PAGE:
"I draw motivation from that and a sense of satisfaction that Ireland actually did that, but also motivation to get back in and add something positive that you can be proud of yourself."

As well as offering a zip to Ireland's play on the field, Reddan offers a refreshing perspective off it. You would never see him emulating some of his colleagues' self-pitying attitudes to criticisms proffered by press or supporters.

There are no expectations once he pulls the Ireland jersey over his head.

"It is hard but if you compare it say to the hurt in a losing dressing-room, it is minuscule, you know, it does not really matter what is said," he avers.

"People might get exasperated, but people are entitled to their opinions.

"If you are relying on good words from the media to play well, that is not always going to happen. If you're relying on bad words to help you -- 'we're going to show them' -- that is not going to happen either.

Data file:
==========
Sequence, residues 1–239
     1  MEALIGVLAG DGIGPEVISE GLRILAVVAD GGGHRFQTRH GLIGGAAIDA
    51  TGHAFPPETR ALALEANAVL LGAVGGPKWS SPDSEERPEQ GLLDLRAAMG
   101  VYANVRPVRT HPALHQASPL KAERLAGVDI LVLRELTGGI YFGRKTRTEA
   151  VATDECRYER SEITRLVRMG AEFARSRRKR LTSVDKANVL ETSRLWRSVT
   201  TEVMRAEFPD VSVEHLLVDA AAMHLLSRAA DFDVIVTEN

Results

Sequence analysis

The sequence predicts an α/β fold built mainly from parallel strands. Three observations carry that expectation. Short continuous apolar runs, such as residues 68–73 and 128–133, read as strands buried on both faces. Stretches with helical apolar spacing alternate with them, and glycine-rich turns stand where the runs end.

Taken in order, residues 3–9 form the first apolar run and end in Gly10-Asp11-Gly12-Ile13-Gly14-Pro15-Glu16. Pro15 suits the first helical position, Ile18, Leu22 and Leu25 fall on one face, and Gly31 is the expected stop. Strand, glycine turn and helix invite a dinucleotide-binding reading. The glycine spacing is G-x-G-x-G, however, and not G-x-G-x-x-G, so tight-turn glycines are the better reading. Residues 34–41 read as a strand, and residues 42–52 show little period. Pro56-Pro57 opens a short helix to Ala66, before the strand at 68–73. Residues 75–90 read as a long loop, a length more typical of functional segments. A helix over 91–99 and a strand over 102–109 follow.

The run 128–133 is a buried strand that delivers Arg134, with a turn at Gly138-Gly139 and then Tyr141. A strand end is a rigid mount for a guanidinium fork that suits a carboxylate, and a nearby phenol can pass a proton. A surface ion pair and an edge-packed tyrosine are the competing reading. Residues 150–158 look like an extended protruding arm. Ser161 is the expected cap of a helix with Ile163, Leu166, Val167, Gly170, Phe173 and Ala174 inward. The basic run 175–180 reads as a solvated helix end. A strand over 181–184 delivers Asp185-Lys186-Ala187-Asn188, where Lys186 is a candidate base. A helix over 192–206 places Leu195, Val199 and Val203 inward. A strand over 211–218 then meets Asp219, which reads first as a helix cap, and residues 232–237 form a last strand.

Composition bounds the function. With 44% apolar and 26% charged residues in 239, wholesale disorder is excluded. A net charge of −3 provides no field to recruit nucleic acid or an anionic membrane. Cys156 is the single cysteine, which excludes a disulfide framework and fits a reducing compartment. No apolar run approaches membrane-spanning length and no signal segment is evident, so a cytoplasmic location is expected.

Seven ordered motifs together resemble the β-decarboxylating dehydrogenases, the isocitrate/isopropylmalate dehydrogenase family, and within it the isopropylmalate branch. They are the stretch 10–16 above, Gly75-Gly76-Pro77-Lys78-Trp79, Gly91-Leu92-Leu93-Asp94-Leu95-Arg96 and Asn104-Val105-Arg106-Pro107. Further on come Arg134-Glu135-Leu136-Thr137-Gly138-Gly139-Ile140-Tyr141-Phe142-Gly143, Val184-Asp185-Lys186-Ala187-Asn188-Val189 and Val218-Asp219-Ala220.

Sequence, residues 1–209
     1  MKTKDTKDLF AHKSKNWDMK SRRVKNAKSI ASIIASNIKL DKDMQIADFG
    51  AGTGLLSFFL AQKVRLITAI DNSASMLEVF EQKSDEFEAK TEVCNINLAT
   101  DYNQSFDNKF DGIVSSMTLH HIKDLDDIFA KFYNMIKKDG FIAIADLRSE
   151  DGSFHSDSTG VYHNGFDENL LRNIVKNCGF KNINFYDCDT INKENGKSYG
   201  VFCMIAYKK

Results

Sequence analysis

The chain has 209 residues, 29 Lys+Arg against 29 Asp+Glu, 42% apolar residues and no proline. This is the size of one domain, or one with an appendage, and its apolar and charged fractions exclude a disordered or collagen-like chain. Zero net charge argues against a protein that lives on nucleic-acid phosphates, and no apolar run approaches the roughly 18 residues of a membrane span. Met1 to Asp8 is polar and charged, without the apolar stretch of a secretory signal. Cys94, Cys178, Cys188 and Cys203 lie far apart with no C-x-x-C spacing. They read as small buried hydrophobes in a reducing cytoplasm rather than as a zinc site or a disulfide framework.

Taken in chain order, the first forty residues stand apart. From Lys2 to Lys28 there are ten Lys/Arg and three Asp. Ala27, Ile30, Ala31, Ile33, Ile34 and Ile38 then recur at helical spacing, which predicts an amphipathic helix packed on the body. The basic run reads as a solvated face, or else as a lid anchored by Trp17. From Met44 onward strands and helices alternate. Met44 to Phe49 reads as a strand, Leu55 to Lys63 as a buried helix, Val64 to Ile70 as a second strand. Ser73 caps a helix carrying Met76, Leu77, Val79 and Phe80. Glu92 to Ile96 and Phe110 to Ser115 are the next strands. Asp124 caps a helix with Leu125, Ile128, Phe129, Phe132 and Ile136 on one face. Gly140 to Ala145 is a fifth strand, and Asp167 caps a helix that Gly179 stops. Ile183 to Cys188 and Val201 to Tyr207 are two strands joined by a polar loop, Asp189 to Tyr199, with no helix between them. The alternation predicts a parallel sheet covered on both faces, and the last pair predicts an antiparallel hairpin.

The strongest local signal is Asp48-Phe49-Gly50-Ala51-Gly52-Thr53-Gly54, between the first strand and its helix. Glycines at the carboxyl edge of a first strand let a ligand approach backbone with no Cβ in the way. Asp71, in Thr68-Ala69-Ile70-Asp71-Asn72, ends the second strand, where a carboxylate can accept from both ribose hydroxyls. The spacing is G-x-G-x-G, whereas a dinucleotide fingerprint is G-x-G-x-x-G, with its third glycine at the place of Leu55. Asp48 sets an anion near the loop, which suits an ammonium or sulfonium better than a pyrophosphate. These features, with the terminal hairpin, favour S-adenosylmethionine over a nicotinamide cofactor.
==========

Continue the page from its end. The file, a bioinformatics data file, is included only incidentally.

"It is about managing our own stuff and not getting too caught up in all that."

Hence the reaction to Ireland's stuttering performances doesn't surprise him -- particularly among journalists who, if some Irish players are to be believed, overly influence what supporters are thinking.

"No, I think every editor in the country has been telling them "make sure you ask about penalties" because everyone is asking about penalties! You know, if you look at the facts, people have to ask about them."

Reddan scored his first try in 27 appearances last time out, an achievement in which he dutifully wallowed.

"It wouldn't be like me really but I think growing up you always want that!" It recalled the days of carefree sport with his good mate.

"Conor played a bit of rugby and we played a bit of soccer together as well, but you could always hear the bang of a ball from the other side of the wall. We were probably lobbing rugby balls into his house and he was hitting tennis balls into ours."

Their paths have diverged since, but their footsteps possess the same firm imprint of the devoted athlete.